Editor’s note: In order to accurately report on the event in question, and provide a picture of the thought patterns behind some current-day sex “educators” of young people, this article contains some graphic references to sexuality that may be offensive to some readers. Please use discretion in deciding whether to read it.

It was more of the same when this year’s Women’s Health Matters Forum and Expo took place at the Metro Toronto Convention Centre Jan. 17 and 18. The event, presented by General Motors of Canada Ltd., created a sensation last year when it featured a few explicit sessions aimed at adolescent girls, most of whom were bused in from Toronto-area schools on field trips.

Workshops staged by Planned Parenthood and the Bay Centre for Birth Control, in particular, were characterized by language and instruction that could only be described as pornographic.

The unholy duo were back this year, with a provocative session entitled, “Safe Sex = Fun Sex!” Sponsored by the pharmaceutical company Berlex Canada, Inc., emphasis was put on pleasure and familiarizing adolescents with the female condom, as a model of that item was passed around the room by the facilitators.

“We’ve got 40 minutes to talk about SEX!” exclaimed one of the session leaders to whoops and hollers from the adolescent girls present, about half of whom (according to a show of hands) were under 15. “You can be as outrageous as you want to be!”

“Anna,” from Planned Parenthood Toronto, noted that her organization sells “cheap birth control” and provides free and confidential “counseling.”

One facilitator asked how many girls had looked at their private parts and added that, “Having fun with sex starts with you. It’s really important. You need to know what feels good.”

“Anna” urged the adolescents to take a mirror and examine their private parts. She also advised them to take the time to pleasure themselves sexually. “Take some steps to feeling really good about your body,” she said.

Karen Wong, a physician at the Bay Centre for Birth Control, advised the girls to do some exploring with their bodies in order to find their “G-spots.” She also instructed them on ways they could pleasure themselves sexually. “The only goal is to feel pleasure,” she said. Wong also emphasized the need for girls to have fun before the act of intercourse. “How many ways are there to have sex? Well, how creative are you?”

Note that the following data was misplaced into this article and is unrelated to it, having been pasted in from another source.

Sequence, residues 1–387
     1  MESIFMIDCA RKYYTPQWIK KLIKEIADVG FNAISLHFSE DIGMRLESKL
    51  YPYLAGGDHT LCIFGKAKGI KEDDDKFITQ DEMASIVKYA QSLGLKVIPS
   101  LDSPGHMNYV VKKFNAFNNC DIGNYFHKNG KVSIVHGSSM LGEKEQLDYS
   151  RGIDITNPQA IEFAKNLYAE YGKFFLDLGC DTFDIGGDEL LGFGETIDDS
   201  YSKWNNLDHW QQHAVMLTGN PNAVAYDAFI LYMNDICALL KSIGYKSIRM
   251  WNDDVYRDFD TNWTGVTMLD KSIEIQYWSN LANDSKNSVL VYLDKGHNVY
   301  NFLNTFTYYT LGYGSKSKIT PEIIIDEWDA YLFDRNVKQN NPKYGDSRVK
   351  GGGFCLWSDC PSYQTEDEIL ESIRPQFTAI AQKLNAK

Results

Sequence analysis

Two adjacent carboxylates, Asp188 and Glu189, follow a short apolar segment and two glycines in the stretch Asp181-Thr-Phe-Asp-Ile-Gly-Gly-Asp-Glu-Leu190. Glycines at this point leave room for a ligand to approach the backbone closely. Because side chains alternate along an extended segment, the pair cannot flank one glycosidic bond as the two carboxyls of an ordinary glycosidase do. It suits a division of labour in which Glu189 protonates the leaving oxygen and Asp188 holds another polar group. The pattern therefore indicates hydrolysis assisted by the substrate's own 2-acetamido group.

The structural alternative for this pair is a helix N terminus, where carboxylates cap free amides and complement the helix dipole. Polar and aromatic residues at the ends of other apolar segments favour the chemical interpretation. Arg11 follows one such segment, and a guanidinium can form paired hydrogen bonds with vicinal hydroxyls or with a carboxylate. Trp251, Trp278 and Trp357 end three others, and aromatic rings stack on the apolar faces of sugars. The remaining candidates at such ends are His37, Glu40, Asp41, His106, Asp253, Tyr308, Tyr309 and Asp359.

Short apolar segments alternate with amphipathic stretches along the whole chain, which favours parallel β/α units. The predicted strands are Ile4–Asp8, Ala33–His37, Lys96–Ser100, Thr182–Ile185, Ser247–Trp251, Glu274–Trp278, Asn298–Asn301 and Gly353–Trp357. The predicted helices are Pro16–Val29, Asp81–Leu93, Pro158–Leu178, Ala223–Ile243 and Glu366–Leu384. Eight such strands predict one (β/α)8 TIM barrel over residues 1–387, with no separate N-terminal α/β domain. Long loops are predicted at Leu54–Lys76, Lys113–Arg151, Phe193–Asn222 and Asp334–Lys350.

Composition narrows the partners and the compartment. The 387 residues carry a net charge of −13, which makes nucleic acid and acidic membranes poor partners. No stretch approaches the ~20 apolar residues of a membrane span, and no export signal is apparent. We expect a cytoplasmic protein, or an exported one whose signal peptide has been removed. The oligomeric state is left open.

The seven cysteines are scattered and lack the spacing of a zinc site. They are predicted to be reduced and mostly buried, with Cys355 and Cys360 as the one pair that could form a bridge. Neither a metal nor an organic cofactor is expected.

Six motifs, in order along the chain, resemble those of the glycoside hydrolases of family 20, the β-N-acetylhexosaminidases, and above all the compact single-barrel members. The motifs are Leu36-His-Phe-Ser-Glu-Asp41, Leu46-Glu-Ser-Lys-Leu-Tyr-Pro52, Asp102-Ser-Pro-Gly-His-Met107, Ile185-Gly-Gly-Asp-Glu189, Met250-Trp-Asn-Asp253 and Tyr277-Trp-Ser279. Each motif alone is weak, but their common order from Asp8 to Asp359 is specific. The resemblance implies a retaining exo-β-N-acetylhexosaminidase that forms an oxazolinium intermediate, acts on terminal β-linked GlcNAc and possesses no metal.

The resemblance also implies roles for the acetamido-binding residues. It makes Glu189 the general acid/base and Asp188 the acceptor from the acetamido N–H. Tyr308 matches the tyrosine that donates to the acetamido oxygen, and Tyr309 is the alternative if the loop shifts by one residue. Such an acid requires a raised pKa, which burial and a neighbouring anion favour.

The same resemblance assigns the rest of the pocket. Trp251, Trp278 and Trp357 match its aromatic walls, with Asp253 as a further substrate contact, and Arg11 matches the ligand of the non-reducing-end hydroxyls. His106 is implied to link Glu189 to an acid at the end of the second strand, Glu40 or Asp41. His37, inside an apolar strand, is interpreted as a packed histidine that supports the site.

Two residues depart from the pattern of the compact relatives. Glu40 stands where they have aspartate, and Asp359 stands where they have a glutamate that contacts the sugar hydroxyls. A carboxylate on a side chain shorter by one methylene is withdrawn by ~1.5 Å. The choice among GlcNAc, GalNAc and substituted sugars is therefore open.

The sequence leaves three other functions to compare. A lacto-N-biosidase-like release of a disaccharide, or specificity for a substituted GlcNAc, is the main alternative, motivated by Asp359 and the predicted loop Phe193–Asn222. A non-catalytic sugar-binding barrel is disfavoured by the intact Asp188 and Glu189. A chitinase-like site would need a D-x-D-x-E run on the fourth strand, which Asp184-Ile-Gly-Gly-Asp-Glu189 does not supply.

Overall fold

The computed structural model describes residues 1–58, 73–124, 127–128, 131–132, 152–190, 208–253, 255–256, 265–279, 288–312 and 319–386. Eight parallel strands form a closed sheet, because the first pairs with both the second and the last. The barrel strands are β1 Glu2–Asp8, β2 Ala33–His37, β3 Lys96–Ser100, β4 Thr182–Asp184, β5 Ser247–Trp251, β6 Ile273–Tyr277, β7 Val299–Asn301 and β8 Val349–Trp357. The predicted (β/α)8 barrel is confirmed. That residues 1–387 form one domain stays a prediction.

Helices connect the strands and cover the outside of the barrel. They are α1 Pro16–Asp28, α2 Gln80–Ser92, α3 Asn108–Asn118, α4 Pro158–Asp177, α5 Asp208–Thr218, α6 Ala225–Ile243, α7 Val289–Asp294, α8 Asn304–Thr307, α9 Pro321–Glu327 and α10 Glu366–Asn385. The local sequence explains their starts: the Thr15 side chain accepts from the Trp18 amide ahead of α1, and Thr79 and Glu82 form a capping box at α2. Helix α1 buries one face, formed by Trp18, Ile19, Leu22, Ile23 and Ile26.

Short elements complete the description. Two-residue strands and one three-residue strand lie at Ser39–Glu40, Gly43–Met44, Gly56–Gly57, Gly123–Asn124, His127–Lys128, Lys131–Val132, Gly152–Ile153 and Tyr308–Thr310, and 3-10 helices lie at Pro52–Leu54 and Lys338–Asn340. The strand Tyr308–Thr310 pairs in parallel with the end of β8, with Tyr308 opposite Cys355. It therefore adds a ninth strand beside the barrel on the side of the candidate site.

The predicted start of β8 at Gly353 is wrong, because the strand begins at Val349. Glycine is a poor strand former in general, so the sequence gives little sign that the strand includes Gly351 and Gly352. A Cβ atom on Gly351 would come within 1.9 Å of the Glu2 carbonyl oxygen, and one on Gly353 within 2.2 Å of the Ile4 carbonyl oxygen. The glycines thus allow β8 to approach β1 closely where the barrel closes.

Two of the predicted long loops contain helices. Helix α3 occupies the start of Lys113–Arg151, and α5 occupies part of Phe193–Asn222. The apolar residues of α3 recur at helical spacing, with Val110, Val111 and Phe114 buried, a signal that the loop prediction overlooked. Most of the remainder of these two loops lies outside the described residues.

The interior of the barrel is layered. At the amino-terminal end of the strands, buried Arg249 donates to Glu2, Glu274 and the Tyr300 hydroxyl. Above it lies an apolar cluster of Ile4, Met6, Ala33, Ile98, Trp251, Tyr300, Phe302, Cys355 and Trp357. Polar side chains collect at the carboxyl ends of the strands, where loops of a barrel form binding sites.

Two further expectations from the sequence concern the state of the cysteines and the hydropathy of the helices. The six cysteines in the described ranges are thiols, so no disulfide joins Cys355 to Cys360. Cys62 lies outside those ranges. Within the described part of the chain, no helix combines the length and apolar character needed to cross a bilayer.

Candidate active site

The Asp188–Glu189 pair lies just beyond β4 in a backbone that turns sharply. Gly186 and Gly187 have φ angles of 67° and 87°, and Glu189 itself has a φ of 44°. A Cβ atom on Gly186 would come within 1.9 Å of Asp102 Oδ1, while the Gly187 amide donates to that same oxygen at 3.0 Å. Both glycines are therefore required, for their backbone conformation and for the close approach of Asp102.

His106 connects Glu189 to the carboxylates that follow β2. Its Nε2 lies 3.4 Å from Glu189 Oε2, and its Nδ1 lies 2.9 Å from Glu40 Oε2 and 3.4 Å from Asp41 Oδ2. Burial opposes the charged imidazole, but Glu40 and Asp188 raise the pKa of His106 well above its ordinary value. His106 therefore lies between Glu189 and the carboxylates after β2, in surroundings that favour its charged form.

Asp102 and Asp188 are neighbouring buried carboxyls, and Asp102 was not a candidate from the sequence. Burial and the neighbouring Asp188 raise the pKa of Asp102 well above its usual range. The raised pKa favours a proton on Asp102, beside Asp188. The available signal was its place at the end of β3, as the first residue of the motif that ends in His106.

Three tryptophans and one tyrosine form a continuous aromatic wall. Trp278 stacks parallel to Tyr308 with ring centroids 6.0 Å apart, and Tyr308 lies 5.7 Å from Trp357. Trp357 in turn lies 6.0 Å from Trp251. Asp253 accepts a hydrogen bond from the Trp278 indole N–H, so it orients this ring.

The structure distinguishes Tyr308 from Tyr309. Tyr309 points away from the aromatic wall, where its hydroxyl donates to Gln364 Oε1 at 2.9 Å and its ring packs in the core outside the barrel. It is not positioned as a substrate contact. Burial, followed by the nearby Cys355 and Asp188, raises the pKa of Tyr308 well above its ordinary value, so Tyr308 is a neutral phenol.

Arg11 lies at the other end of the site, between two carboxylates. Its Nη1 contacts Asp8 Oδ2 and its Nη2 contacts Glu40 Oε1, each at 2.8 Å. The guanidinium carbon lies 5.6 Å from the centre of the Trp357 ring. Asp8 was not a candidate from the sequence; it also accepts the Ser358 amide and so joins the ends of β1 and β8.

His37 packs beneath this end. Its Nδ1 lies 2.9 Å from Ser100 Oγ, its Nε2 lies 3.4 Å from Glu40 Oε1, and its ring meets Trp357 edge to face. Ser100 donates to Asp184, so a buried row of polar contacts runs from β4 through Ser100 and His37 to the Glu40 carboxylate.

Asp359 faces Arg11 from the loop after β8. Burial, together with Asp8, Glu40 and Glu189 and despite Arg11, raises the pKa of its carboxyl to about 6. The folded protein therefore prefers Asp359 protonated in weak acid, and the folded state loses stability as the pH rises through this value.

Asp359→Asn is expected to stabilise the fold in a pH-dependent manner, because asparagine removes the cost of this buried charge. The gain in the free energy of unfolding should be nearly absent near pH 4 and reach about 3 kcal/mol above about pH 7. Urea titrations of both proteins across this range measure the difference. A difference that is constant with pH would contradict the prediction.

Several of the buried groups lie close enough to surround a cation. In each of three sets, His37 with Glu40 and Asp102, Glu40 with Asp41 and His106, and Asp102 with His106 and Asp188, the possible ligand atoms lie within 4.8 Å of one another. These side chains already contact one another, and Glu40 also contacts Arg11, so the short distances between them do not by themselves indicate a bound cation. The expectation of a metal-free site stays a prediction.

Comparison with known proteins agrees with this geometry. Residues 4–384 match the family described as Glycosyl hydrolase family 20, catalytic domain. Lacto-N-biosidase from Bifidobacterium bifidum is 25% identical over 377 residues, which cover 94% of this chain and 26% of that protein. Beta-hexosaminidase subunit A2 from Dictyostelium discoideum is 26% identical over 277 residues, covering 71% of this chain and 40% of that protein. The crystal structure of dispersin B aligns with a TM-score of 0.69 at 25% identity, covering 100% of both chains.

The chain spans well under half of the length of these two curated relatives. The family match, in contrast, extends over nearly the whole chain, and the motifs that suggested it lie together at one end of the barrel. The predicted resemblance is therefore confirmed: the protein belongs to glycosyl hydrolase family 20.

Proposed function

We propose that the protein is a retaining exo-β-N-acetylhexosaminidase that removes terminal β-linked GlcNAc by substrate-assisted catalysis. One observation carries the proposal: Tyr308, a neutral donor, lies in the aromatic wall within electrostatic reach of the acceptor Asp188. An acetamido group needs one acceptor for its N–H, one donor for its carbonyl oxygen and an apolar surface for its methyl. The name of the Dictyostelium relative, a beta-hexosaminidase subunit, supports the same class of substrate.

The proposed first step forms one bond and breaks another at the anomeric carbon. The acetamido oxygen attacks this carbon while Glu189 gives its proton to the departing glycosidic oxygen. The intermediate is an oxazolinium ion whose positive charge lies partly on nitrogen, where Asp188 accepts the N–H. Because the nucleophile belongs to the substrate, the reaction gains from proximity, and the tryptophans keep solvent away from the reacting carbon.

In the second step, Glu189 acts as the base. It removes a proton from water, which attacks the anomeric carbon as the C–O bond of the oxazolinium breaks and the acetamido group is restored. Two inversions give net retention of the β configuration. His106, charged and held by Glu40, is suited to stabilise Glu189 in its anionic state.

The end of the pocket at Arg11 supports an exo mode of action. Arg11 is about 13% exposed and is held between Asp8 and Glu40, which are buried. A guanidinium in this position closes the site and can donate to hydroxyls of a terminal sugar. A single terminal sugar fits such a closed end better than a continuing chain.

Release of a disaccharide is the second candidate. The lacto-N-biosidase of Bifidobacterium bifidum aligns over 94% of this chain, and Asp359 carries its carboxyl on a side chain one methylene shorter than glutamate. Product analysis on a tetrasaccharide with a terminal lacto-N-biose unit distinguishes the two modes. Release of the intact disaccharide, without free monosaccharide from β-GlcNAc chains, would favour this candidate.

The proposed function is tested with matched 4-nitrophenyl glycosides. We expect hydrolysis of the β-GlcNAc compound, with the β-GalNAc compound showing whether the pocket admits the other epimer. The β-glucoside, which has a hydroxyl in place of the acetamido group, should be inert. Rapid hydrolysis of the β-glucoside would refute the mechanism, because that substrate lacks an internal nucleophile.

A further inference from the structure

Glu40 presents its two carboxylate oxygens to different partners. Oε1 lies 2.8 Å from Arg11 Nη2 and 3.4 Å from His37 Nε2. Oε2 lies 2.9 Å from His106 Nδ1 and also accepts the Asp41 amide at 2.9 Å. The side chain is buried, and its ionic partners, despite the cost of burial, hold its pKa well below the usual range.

“Creativity can be anything,” chimed in “Anna.” “Make it fun. Get condoms that taste good.” She advised girls to take a Saturday afternoon and go exploring Toronto-area sex shops.

Wong then advised the girls to use condoms and lubrication during anal sex.

In response to a question from her audience about how lesbians can have sex, Wong noted that “penises aren’t all they’re cracked up to be” and that “there are lots of ways to have pleasure.”

Over at a session called Sex on the Couch, sponsored by pharmaceutical firm Wyeth Canada, pleasure was also emphasized as Global TV “weather girl” Susan Hay held court along with Dr. Santina Andrighetti, Charlotte Lombardo and Anu Sharma. “It’s just what makes you feel good!” exclaimed Hay, summing up the tone of the session. The adolescents also heard that it’s normal for people to watch pornography while pleasuring themselves sexually and that it’s likely notm dangerous for a woman to be on the birth control pill for a long period of time.

A slight note of temperance was struck as one panelist observed that less than half of 16-year-old youths are having intercourse.

At the third session, sponsored by pharmaceutical company Organon Canada – A Grrls (Sex) Life: A Celebration of Our Sexuality, Toddlers to 20s – sexual health “educator” Kim Martyn described methods of sexual self-pleasure and advised everyone to “be accepting of other’s people’s differences.”

“To speak openly about sexuality is such a gift,” she said, adding she was raised in a religious environment where sex was seen as bad. “Sexuality is often twisted and oppressed. Our religious upbringing can bring us very negative images about our bodies.”

As with last year, free condoms were plentifully available both at the sessions and in the exhibit area.

Complaints about last year’s Women’s Health Matters Forum and Expo – which included talks by noted pro-abortion advocates Nafis Sadik and Sheila Dunn – were generally ignored by event sponsors and the Toronto District School Board. Those sponsors that did respond generally emphasized the positive nature of the event, in terms of how it dealt with other, legitimate women’s health issues. A spokesperson for the Toronto District School Board, meanwhile, said the board was “satisfied” with explanations given by Planned Parenthood Toronto and the Bay Centre for Birth Control about their explicit teachings to adolescent girls.